Okay. And then a follow-up question for you, Art, as well. You are a master of the injectable world based on your past experience and endeavors, and obviously, you've communicated the intent to move more aggressively into that market and, of course, just recently bought in a bunch of assets. But can you talk to us a little bit about that strategy and sort of what you think near term kind of presents the best opportunities for you, whether it be pipeline ANDAs, approved products? There's capacity out there with companies that maybe don't have the ability to optimize it that might be dilutive but could be relatively inexpensive. And then couple those thoughts on the generics side with the thoughts of potentially utilizing the injectable effort and incorporating more of a 505(b)2 quasi-branded strategy.

Arthur Przybyl

Right. Okay. So why a pivot to -- or not a pivot, but why the expansion of our business platforms into injectables? A long time ago, when I was young, I carried a bag and I sold many injectables in the range of $5 to $10. And many of those same products today are selling in the range of $50 to $100. This was in large part due to the compliancy courage of many manufacturing facilities, I think, when Margaret Hamburg was FDA Commissioner and sort of set that market on its head. So there's certainly margin opportunities in injectables, I think, that are far greater than in, sake of argument, oral solids. So that becomes an attractive space for us.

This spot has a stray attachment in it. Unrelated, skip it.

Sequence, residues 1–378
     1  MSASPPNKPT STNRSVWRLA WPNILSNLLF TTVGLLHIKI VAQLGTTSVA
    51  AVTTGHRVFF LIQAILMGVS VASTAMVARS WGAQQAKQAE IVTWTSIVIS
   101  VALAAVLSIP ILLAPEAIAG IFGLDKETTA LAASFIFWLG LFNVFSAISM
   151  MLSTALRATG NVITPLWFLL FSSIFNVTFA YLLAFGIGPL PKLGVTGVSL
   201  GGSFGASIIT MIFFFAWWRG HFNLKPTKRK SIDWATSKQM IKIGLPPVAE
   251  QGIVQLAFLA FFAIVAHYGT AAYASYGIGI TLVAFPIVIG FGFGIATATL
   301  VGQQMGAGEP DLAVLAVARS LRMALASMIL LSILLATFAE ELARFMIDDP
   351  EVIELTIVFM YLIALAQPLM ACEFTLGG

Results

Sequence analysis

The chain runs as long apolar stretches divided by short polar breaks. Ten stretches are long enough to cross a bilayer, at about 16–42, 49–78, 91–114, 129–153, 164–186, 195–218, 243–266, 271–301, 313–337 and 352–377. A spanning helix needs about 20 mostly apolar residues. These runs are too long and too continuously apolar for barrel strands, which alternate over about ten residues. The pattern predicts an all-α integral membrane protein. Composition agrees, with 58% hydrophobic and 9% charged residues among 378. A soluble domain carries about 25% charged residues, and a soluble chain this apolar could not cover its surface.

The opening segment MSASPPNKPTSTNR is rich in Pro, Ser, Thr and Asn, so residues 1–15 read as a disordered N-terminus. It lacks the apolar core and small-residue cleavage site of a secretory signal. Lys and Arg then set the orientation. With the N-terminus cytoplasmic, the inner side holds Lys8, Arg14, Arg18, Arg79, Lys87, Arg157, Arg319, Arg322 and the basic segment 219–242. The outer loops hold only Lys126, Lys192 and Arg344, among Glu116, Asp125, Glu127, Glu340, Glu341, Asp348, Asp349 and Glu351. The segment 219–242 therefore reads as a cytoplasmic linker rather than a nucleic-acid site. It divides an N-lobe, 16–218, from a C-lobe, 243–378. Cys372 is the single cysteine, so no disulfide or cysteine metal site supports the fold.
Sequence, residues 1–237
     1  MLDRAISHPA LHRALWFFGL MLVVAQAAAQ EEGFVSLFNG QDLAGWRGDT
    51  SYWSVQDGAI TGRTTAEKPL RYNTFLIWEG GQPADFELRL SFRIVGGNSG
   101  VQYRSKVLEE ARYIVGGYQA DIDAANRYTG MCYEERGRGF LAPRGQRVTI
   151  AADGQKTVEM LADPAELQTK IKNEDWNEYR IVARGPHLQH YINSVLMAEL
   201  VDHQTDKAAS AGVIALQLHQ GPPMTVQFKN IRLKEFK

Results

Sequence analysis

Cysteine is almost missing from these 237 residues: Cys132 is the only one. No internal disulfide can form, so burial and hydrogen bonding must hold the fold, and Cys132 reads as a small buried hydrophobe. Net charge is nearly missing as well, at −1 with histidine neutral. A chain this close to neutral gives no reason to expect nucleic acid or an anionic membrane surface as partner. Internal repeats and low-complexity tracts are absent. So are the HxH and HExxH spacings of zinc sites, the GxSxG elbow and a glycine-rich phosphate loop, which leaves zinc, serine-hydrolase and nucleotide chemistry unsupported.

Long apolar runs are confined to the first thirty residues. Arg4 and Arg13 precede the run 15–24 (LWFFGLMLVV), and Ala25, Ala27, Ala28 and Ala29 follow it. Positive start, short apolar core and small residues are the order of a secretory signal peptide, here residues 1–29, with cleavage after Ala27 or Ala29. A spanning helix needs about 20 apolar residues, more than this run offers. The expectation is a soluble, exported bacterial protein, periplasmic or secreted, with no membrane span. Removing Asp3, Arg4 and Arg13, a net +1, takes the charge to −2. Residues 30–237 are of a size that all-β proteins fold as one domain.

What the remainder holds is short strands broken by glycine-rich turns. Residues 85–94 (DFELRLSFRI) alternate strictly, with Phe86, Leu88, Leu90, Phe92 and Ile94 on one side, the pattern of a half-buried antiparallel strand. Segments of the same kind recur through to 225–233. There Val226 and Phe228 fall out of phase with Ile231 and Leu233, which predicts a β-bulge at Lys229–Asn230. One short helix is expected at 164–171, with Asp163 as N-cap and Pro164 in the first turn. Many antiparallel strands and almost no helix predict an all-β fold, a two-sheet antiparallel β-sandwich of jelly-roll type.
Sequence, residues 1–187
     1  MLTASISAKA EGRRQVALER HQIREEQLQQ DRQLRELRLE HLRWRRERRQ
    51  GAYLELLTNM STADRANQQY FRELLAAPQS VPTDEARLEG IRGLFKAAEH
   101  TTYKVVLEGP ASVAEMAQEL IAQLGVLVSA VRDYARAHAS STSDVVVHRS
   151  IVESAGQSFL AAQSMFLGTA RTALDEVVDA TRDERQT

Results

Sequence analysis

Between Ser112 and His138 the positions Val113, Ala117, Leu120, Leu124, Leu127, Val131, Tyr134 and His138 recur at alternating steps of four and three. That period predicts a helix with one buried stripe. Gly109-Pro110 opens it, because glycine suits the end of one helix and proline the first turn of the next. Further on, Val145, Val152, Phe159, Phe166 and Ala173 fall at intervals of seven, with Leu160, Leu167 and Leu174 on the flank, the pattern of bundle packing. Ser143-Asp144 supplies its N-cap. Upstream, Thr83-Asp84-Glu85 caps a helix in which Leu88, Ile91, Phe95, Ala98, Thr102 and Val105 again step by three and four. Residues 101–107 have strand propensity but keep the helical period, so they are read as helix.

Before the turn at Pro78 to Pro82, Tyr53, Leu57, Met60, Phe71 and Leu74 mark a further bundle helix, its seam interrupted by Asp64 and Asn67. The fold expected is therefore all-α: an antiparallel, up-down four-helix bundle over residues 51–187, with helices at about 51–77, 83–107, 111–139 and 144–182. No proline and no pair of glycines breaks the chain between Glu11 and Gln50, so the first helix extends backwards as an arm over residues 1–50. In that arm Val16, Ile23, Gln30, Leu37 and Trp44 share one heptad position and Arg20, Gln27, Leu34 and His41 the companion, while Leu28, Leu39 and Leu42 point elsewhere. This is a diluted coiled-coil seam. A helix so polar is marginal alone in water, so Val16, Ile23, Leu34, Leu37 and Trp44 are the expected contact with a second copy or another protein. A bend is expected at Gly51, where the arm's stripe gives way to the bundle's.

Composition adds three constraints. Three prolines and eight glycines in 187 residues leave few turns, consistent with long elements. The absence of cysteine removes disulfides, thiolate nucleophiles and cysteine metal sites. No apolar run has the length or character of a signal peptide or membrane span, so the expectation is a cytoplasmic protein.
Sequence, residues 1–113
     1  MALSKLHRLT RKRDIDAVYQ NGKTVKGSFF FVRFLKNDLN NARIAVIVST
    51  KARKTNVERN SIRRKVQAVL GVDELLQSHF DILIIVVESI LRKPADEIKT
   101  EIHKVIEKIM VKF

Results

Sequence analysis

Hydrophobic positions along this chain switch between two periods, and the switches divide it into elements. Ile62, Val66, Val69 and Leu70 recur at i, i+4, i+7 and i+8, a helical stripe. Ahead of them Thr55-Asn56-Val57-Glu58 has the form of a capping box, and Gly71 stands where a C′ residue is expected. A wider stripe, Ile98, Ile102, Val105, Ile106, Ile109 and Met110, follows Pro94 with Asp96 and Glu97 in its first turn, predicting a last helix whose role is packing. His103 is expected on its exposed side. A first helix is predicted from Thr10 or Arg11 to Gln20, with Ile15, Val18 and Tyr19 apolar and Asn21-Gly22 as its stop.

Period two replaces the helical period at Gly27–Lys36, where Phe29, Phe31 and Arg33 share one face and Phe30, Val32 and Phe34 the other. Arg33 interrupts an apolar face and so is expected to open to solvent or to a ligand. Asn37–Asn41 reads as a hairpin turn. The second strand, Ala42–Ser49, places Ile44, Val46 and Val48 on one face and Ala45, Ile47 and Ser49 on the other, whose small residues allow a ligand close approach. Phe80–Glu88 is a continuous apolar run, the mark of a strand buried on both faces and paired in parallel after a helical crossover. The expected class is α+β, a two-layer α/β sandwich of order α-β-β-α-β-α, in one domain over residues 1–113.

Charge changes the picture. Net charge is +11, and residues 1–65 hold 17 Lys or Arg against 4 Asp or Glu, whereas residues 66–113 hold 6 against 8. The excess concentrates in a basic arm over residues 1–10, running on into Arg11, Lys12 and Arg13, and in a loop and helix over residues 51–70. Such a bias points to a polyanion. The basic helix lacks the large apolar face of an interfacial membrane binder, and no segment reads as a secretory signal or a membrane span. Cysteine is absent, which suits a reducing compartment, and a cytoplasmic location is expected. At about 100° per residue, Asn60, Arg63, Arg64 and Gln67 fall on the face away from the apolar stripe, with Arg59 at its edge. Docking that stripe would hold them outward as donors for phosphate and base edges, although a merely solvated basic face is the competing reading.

Obviously, our first injectable product is -- will probably be our largest, and that's Cortrophin Gel. And we feel that, that's on -- we think that's getting closer, without a doubt. And so it's a natural pivot for us to potentially invest in injectable pipeline products, and that's what we're doing now. We have the experience in that marketplace, and that marketplace also is, from a contracting perspective, certainly competitive but doesn't, in my opinion, have the same level of competitiveness that has happened in oral solids due to far greater generic approvals, increased competition and the fact that there's, in essence, a 3 consortium cartel, if you want to call it that, associated with the contracting for oral solid and liquid products.